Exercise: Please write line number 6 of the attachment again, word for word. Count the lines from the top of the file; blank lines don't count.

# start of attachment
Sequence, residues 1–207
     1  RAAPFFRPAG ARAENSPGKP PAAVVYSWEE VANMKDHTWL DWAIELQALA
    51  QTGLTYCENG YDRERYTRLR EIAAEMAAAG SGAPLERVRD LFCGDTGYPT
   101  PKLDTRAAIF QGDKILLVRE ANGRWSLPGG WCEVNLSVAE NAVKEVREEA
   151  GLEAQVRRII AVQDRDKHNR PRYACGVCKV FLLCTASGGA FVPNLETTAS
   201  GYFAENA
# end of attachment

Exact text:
   201  GYFAENA